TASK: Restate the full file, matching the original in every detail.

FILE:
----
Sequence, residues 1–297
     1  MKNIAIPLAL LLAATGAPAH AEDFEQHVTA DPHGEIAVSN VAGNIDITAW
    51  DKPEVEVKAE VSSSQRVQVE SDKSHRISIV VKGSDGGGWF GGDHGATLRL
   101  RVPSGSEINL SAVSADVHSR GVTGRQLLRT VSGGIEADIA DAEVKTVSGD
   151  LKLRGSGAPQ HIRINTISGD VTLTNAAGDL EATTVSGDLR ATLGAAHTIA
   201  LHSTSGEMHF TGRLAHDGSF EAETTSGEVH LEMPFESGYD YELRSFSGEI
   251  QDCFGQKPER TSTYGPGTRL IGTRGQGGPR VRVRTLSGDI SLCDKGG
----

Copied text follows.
Sequence, residues 1–297
     1  MKNIAIPLAL LLAATGAPAH AEDFEQHVTA DPHGEIAVSN VAGNIDITAW
    51  DKPEVEVKAE VSSSQRVQVE SDKSHRISIV VKGSDGGGWF GGDHGATLRL
   101  RVPSGSEINL SAVSADVHSR GVTGRQLLRT VSGGIEADIA DAEVKTVSGD
   151  LKLRGSGAPQ HIRINTISGD VTLTNAAGDL EATTVSGDLR ATLGAAHTIA
   201  LHSTSGEMHF TGRLAHDGSF EAETTSGEVH LEMPFESGYD YELRSFSGEI
   251  QDCFGQKPER TSTYGPGTRL IGTRGQGGPR VRVRTLSGDI SLCDKGG